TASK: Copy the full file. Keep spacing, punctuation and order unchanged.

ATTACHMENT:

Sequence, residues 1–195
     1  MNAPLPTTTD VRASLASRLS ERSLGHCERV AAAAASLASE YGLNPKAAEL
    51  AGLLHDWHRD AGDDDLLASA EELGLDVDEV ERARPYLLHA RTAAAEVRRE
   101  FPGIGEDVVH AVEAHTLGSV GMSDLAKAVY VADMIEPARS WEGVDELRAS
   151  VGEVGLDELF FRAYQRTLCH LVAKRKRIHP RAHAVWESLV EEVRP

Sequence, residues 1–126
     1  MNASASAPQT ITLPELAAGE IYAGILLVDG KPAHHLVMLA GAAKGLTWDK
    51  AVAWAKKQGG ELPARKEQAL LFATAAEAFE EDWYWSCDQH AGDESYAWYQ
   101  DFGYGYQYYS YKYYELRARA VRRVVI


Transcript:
Sequence, residues 1–195
     1  MNAPLPTTTD VRASLASRLS ERSLGHCERV AAAAASLASE YGLNPKAAEL
    51  AGLLHDWHRD AGDDDLLASA EELGLDVDEV ERARPYLLHA RTAAAEVRRE
   101  FPGIGEDVVH AVEAHTLGSV GMSDLAKAVY VADMIEPARS WEGVDELRAS
   151  VGEVGLDELF FRAYQRTLCH LVAKRKRIHP RAHAVWESLV EEVRP

Sequence, residues 1–126
     1  MNASASAPQT ITLPELAAGE IYAGILLVDG KPAHHLVMLA GAAKGLTWDK
    51  AVAWAKKQGG ELPARKEQAL LFATAAEAFE EDWYWSCDQH AGDESYAWYQ
   101  DFGYGYQYYS YKYYELRARA VRRVVI